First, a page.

Sunday, October 7, 2012

1880 Comet

I tend to be a sky-watcher -- both early in the morning and with so many of the beautiful sunsets we have.  When I came across information on comets in the local newspaper in the late 1800s, I wondered what they thought, how much was known about the stars, and if local residents were stargazers.

One article read:

People who have been afraid that the unexpected comet would smash this earth to "smithereens" can compose themselves, for it is supposed to be 45,000,000 of miles distant and is receding at the rate of 1,300,000 miles per day.

Later in the same year:

Some of the astronomers say that Scheberie's comet, when it reaches its greatest brilliancy, will display a longer train and be a more magnificent sight than that of 1838.  The train is already enormously broad at the nucleus, but as yet dim to the naked eye, and at a length of two or three degrees, becomes almost invisible.  The comet reached its perihelion August 23, and will now develop rapidly.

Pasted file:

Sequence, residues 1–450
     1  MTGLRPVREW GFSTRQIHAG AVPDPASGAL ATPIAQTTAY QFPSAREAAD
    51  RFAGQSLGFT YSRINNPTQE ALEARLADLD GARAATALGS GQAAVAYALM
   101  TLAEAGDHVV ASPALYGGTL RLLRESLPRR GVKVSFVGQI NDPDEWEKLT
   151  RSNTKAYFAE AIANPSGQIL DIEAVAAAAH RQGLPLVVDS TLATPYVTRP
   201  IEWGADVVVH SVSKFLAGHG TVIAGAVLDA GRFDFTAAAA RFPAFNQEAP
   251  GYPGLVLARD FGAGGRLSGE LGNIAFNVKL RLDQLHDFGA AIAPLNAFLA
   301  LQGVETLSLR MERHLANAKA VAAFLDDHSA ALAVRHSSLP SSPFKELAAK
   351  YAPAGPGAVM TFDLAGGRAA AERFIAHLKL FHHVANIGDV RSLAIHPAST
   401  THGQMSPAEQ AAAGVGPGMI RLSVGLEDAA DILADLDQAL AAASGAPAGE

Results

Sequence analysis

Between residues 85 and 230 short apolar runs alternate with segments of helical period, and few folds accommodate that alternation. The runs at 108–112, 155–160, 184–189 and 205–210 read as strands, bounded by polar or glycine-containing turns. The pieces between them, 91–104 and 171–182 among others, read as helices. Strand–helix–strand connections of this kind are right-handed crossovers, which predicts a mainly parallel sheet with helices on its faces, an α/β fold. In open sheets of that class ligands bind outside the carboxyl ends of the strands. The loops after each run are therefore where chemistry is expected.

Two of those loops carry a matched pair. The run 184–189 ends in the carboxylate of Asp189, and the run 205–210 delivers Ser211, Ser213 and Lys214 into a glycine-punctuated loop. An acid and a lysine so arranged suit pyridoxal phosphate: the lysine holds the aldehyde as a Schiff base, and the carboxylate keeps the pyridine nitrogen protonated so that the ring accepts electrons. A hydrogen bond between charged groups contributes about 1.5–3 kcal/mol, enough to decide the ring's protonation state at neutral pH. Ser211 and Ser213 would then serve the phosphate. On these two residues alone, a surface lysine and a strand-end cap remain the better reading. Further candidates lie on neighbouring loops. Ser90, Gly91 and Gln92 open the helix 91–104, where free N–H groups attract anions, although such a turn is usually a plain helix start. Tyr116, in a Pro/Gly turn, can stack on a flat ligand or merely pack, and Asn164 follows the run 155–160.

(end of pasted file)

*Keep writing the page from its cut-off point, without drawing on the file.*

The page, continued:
Another article, but this time about the northern lights:

The illumination of the heavens on Sunday night was the grandest sight of nature it has ever been our lot to behold.  It began in the early part of the evening with very much the appearance of the northern lights, but it was as much in the west as in the north.  The light streaks shot far up into the sky and cast over the earth a lurid glare.  Later a belt of white came up from the east and formed right angles with those from the north, and finally not only these, but the north, south, east and west was alike, casting jets of white and red and all concentrated to the very center of the sky.  The flickerings of electricity could be plainly seen from near the earth's surface to the zenith and it was even predicted by some that the last day was at hand, but we went calmly to rest, thinking of the witty Irishman who said: "Tut and be jabers Pat, who ever heard of the last day coming in the middle of the night."

Then back to the comet:

Some of the astronomers assert that the comet is split, and others insist that it is as sound as a silver dollar.  In either case, it's still a good enough comet for all practical purposes.

And the last article I found for that year:

Who in this vicinity has not seen the comet?  Wake up, ye sluggard, from your drowsy bed between the hours of four and five a.m. and behold this flaming meteor on its fiery path!

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